One of the most melodious classical musicians we have had, Abdul Karim Khan's music always created a sublime atmosphere. The soothing quality of his specially cultivated voice, and his reposeful style of singing were such that the singer as well as his listeners forgot themselves in a sort of "trance". Many of his musical heirs have surpassed him in technical virtuosity, but few have achieved "that degree of hypnotic effect" through music. Not only did he develop his own "Kirana" style of Khayal-badhut, but in his voice even the Thumri "shed its gossamer erotic undertones" and assumed instead "the character of a sad, pensive, and devout supplication". Many reputed musicians of today refer to Abdul Karim Khan Saheb as "Sachche swaron ke devata" (the master who sang perfect notes). He had cultivated a special way of voice production so that his sweet and melodious voice mingled indistinguishably with the drone of the Tanpura strings. This was acquired by him through years of strenuous "Mandra-sadhana", early morning practice for several hours in the lower notes. He stressed on voice culture in his pupils also; and even when he was at the zenith of fame, he never gave up this daily "mandra sadhana". Another outstanding quality of his music was its emotional element. Whatever he rendered, whether a Khayal, Thumri, Hori or Bhajan; the rendition "mirrored his whole inward being". While singing Khayals, he concentrated mostly on "ALAPI", and avoided "layakari", "boltans" etc, probably because he felt these might spoil the emotional atmosphere built up by him. Kans (grace-notes), and "gamakas" as in the Sarangi, and beautiful long unbroken "meends" (glides) as in the Veena, were some of the chief embellishments of his music. These and the emotion which he poured into his Thumris were so moving that often huge audiences wept when he sang some of his famous Thumris surcharged with feeling. The Gramaphone Company has done a great service by re-issuing many of his short items on a long-playing disc and striving to give us glimpses into his impassioned outpourings. Through these records of songs like "Jamuna ke Teer", "Piya Bina Nahi Awat Chain", "Gopala, Karuna kyon nahi--", "Piya ke milan ki aas" and "Naina raseeli", we can but have just flashes of those unforgettable hours a Khan Saheb Abdul Karim Khan transported his hypnotised audiences into a world of pure, sheer melody. On inspired days, he is said to have elaborated one Raga or a single Thumri for hours, and kept his audience spell-bound throughout. Being fond of Alap-ang, Abdul Karim Khan always preferred to sing expansive ragas like Lalit, Jaunpuri, Marwa, Malkauns, Todi, Darbari and so on. Among his chief disciples, Pdt. Balkrishnabuwa Kapileswari deserves special praise for running a school, "Shree Saraswati Sangeet Vidyalaya" carrying on the traditions of his great Ustad. In 1963 he published SHRUTIDARSHAN, a valuable research-work in music incorporating the findings of his guru and his own. The book won for him 2 important awards.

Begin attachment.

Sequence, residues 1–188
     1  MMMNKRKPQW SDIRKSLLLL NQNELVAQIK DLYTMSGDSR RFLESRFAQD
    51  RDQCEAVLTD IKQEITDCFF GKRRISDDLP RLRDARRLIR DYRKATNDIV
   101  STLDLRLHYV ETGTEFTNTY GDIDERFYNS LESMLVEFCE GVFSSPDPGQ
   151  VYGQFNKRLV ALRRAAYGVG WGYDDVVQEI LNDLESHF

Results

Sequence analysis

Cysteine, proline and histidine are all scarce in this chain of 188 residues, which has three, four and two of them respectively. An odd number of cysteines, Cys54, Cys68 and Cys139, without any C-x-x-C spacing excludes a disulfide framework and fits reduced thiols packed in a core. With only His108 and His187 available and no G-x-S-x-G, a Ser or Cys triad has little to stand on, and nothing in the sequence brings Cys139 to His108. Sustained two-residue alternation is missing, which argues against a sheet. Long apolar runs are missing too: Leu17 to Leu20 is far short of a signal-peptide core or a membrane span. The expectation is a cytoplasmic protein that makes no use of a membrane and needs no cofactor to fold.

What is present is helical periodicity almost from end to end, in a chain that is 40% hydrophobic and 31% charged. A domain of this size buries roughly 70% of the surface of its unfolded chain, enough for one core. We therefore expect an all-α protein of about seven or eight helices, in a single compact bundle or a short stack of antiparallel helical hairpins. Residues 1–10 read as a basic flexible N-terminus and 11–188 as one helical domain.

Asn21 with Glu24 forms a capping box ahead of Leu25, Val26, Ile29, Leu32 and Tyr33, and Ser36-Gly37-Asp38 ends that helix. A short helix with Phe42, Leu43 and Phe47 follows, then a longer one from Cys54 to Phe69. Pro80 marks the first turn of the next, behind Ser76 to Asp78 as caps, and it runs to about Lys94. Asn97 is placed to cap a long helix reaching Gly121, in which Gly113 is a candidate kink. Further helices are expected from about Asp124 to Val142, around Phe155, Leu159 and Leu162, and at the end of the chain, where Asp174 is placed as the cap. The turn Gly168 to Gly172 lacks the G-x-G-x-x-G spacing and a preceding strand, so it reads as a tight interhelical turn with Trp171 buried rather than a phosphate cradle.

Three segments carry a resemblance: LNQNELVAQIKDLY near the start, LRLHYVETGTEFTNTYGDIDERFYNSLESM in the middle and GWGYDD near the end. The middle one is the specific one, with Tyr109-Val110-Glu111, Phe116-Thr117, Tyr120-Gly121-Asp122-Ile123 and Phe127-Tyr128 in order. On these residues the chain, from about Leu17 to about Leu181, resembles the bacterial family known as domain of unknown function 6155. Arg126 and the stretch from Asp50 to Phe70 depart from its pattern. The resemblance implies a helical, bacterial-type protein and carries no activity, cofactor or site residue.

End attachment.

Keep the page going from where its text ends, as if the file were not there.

The traditions of generosity and hospitality that Abdul Karim Khan set up at the munificent annual "Urus" of Mirasaheb in Miraj (where he used to feed hundreds of fakirs and encourage musicians lavishly) have been kept up by his devoted widow BANUBAI, and disciples like Hirabai. Numerous were the poor music-students whom Khan Saheb had supported and trained in music. Another example of his generosity is that during his musical tours, he always took his accompanists also with him in the same compartment.
Although frail-looking, Khan Saheb maintained excellent health through regular exercises, disciplined habits, and frugal living. His photographs show him as a tall, slim person dressed immaculately in a black achkan, a cane in hand, a typical moustache and a red gold-bordered turban, and most striking of all, his dreamy eyes about which Mr K. Subbarayan narrates an interesting little anecdote in the Bhavan's Journal (1972):
Mystified by the dreamy eyes of the Khansaheb, Mrs Annie Besant had once discreetly enquired of a disciple whether the master was addicted to any drug. "Indeed", came the reply, "He is very much addicted to the intoxication of music!".
In 1937 Khan Saheb went down to South India to give music soirees in various parts of the Madras Presidency. A huge crowd of admirers saw him off at the Madras Station and nearly smothered him with garlands. He was on his way to Pondicherry with some friends. Feeling very unwell and restless, he detrained at one of the intermediate stations to take some rest. Before lying down, he sang his prayers set in Rag Darbari and then lay down to sleep for ever! It was a most unexpected end and yet so like this great and good artiste to round off his earthly existence with a tuneful bhajan! At the loving insistence of his admirers, his body was taken in a special car to Madras, and thence to Miraj, crowds paying their last homage to the departed singer through out the journey. At Miraj, Banubai gave him a magnificent funeral. Memorial programmes to this great musician are held every year in the month of August.